Encyclopedia of Exes: 26 Stories by Men of Love Gone Wrongby Meredith Broussard
What does he really mean when he says: “It’s not you, it’s me”?
Profanity. Egging. Xanax. Oh, the things men (and even some women) will resort to when love’s gone awry. In The Encyclopedia of Exes, some of today’s hippest male writers dig deep into their romantic pasts to present twenty-six inspired pieces of short/b>… See more details below
What does he really mean when he says: “It’s not you, it’s me”?
Profanity. Egging. Xanax. Oh, the things men (and even some women) will resort to when love’s gone awry. In The Encyclopedia of Exes, some of today’s hippest male writers dig deep into their romantic pasts to present twenty-six inspired pieces of short fiction on heartbreak and failed relationships. Their stories, ranging from the passionate to the cynical to the downright hilarious, address the age-old issue of how and why romance often fails—from a uniquely male perspective. Ever wondered just what men do with their broken hearts, or why they break women’s hearts so often? The Encyclopedia of Exes demystifies the inner workings of the male psyche to the benefit of women everywhere, featuring a broad range of writers.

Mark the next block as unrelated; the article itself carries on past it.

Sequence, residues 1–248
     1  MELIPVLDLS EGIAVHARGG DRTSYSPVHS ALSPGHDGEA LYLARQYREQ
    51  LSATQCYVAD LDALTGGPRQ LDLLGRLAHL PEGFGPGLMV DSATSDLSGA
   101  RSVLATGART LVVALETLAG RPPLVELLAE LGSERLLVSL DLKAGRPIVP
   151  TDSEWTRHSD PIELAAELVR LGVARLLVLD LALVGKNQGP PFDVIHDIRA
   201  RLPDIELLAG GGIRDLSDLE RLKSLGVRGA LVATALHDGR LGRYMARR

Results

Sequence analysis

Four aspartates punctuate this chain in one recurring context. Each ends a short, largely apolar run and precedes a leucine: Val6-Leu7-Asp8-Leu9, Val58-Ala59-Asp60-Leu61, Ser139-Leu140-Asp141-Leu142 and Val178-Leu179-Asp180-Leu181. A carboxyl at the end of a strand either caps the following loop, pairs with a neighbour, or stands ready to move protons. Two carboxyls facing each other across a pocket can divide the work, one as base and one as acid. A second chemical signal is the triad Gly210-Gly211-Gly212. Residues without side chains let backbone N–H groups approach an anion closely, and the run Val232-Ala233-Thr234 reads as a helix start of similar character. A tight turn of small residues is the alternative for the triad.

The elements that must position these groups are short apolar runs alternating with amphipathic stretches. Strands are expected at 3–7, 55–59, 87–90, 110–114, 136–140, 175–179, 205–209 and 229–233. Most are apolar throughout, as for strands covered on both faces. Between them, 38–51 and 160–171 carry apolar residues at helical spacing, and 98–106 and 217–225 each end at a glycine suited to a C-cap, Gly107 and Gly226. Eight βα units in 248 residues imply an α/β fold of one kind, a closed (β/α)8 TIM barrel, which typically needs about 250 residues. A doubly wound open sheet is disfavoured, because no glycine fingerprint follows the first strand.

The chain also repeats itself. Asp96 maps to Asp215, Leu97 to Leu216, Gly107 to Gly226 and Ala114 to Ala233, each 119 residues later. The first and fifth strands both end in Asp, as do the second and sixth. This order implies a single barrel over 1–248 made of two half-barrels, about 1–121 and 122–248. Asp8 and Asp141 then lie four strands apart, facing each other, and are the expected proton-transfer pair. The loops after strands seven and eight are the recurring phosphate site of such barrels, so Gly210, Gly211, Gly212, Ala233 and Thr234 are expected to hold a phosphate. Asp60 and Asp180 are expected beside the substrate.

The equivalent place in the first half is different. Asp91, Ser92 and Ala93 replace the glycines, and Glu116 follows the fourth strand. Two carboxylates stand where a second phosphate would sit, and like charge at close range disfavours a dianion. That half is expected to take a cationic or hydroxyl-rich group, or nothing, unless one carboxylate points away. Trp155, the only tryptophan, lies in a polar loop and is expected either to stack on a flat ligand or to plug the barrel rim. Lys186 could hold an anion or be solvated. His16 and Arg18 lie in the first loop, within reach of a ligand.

Anthony by Steve Almond • The Breakup Ceremony by Touré • Car by Matthew Sharpe • Devotion by Adam Langer • Egging by Jeff Johnson • Five by Jonathan Lethem • Geography by Michael Schur • Honesty by Ben Greenman • Innocence by Nick Fowler • John by Joshua Braff • Kiss by Anthony Schneider • Last by Richard Rushfield • Murmur by Panio Gianopoulos • Nightlife by Lee Klein • Over by Jack Murnighan • Profanity by Darin Strauss • Quitting by Dan Guterman • Radio by Sebastian Matthews • Sealed-off by Jonathan Ames • Triangle by Gary Shteyngart • Unambiguous by Ben Schrank • Virginity by Neal Pollack • Winston by Lewis Robinson • Xanax by Marc Spitz • Youth by Justin Haythe • Z by Dan Kennedy • and a Preface by John Aboud
An encyclopedic approach to our most enduring mystery, The Encyclopedia of Exes offers insight, humor, quality writing, and an unparalleled look inside the male mind.
- Crown Publishing Group
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The Encyclopedia of Exes
Anthony Steve Almond